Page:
A number of questions still loom in the minds of the loved ones of Joshua Switalski, the 22-year-old Tucson resident who was shot and killed in Oro Valley last year during a traffic altercation.
One of those is how the 12-person jury found suspect David Mota not guilty last Thursday after a four-day trial at the Pima County Superior Court.
The jury’s decision backed the argument of defense attorney Natasha Wrae, who said Mota was in fear for his life when Switalski verbally confronted him after a near traffic collision, after which Mota fired two rounds from a .45 caliber pistol. One of those rounds struck and killed Switalski.
Mota was found not guilty on counts of first degree murder, drive by shooting, aggravated assault, and a lesser charge of disorderly conduct. One juror told some of the victim’s family members that the decision to find Mota not guilty was based on Arizona’s “Stand Your Ground Law,” which allows a person to use deadly force in the instance of a potential life threat.
The prosecution attempted to show that Switalski only used words in the altercation, never had a weapon, and was driving away from Mota at the time the shots were fired.
Like Switalski’s family members, the prosecution appeared stunned when Judge Casey McGinley read not guilty on all counts. For members of the Switalski family, it was the continuation of a year-long nightmare.
“It was like he died all over again,” said Switalski’s mother, Jeri. “David Mota got away with murder. I was so stunned. I couldn’t breathe.”
What’s worse, said Jeri, is the apparent lack of remorse Mota showed during and after the trial.
“Never once did we hear out of his mouth, ‘I’m sorry,’” said Jeri. “Josh was a goofy, fun-loving guy, and David Mota is a cold-blooded killer.”
During the trial, Wrae repeatedly referred to Switalski as being angry, Caucasian, and having a shaved head. Switalski’s mother said attempts to make him out to be a “skinhead” were both frustrating and untrue.
“He would do anything for anyone,” she said. “He was a loving guy, and he was made out to be a monster.”
“He was a family man,” added Switalski’s girlfriend, April Taylor, who was in the vehicle at the time of the shooting. “Family was everything to him.”
The defense also argued that it was possible Switalski had a gun at the time of the incident, insinuating Switalski’s girlfriend, April Taylor – who was in the vehicle at the time of the shooting – could have ditched it in the surrounding desert before police arrived.
“We didn’t have any guns in the house,” said Jeri. “We don’t believe in guns.”
Taylor was at home ill with the flu when the verdict was read last week. She was the first to testify in the case, which also saw testimony from a number of Oro Valley police officers, a medical examiner, and traffic scene reconstructionists.
She found out the verdict via text message.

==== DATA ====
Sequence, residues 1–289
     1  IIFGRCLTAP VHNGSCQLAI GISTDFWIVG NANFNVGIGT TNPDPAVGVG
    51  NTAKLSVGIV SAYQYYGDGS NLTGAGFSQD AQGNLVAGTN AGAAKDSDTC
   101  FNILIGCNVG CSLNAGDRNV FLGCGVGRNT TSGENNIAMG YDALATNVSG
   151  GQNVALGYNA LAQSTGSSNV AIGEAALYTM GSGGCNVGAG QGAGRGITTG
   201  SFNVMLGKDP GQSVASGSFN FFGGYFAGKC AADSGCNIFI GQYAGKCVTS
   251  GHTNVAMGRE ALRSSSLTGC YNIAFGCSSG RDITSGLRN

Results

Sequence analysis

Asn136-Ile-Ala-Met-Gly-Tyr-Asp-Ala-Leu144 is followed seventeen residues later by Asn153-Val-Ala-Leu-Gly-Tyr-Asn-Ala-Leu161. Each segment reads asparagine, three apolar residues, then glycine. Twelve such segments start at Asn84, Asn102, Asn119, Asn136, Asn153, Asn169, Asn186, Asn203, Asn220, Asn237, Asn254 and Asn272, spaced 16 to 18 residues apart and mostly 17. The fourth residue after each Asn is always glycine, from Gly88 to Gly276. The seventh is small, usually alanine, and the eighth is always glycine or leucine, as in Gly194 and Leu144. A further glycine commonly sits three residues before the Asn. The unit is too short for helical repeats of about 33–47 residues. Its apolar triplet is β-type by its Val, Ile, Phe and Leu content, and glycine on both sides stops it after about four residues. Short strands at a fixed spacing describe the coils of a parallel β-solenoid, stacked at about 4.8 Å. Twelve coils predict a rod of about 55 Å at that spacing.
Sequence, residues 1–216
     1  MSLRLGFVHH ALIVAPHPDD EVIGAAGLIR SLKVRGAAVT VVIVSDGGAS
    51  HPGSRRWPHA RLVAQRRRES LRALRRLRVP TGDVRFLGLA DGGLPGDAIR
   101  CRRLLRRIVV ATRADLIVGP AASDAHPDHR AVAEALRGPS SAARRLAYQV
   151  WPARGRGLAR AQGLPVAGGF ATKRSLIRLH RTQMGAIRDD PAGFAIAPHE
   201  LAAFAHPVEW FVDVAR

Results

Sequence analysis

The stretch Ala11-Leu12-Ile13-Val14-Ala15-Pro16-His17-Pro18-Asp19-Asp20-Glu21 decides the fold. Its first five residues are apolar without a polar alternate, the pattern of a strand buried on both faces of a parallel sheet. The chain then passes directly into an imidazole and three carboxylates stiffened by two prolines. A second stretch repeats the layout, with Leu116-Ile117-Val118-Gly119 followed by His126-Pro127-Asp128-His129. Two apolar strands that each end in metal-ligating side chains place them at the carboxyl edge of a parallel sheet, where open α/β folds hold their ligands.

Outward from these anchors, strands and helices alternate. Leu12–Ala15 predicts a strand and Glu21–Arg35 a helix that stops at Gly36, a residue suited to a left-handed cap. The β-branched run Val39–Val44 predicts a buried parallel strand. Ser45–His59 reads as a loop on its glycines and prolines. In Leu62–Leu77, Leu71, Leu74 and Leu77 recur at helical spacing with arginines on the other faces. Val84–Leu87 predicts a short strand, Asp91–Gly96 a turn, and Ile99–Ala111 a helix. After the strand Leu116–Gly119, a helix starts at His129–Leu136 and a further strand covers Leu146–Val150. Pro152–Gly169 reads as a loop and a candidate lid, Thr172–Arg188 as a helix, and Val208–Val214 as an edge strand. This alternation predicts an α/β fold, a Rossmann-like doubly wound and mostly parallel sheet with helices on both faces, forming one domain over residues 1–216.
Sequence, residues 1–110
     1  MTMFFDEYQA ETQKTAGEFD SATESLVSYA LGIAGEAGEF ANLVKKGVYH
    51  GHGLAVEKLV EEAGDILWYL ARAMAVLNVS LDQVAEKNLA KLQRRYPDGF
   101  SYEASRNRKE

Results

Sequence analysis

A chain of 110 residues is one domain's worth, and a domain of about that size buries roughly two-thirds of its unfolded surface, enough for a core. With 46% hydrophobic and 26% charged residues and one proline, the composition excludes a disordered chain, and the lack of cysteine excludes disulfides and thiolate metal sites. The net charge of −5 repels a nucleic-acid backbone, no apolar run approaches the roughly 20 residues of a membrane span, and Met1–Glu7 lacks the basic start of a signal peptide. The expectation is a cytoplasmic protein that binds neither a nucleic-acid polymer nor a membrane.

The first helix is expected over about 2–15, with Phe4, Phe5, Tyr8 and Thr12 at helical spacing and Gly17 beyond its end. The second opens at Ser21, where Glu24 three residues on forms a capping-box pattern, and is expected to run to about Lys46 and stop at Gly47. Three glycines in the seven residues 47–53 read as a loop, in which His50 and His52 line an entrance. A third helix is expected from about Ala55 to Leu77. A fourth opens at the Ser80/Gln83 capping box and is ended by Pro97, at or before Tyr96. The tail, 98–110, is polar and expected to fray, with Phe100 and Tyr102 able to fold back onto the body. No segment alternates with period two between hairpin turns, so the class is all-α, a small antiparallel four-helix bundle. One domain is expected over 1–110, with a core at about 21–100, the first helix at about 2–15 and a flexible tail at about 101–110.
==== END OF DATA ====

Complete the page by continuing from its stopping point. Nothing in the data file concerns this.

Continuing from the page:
“I think I died for a minute, and then I came to,” she said. “Having to have gone through this whole thing – to me, it feels like we should have never caught (Mota). It feels like it doesn’t matter. I feel like him not being caught would have been a hell of a lot easier than having to sit in front of 12 people, hearing myself go through that night again, and then have them say ‘You’re free to go.’ That’s a slap across the face to Josh’s memory.”
Taylor said the days following the trial have been difficult to handle.
“Somebody who cared about everyone first, and himself last, got killed for no reason, and to have our justice for him taken away – it’s not right. I don’t know what those 12 people were thinking. What if it was their family member? What if it was their husband or son or cousin or uncle? How the hell would they feel? I wish for one second they could take a walk in our shoes. Have just a minute in our life to see what hell is, because you don’t know it until you have to live it.”
Switalski’s aunt, Robin Ramstack, said she is in the early stages of attempting to refine the state’s Stand Your Ground Law. She spoke with two of the jurors after the trial who said their decision of not guilty was based on self-defense from that very law.
“I don’t understand a justice system that states you only have to say you are afraid after you shoot and kill someone,” Ramstack wrote in an email. “I will continue my investigation and see who I have to contact to get the law refined as it stands now. Driver altercations happen daily and you just don’t know who may be ‘afraid’ and shoot you because your head is bald or you looked ‘angry.”
“He was somebody’s son, somebody’s love of their life, he was somebody’s brother, he was somebody’s nephew, he was somebody’s cousin, he was somebody’s uncle, he was somebody’s godfather, and he was a friend to so many known and unknown. He was loved deeply and will be greatly missed.”
Following the trial, Mota exited the courthouse with his family, while the Switalski party left moments later through a different exit. It may be the last time the Mota and the Switalski’s see each other, though Jeri said she welcomes an apology.
The next step for the Switalski family is to continue on in the healing process.
When asked what that will look like, Jeri said, “I don’t know. It’s in God’s hands. God has a plan for us.”
The Explorer has requested an interview with defense attorney Natasha Wrae as well as David Mota. For coverage of the trial leading to the verdict, visit explorernews.com.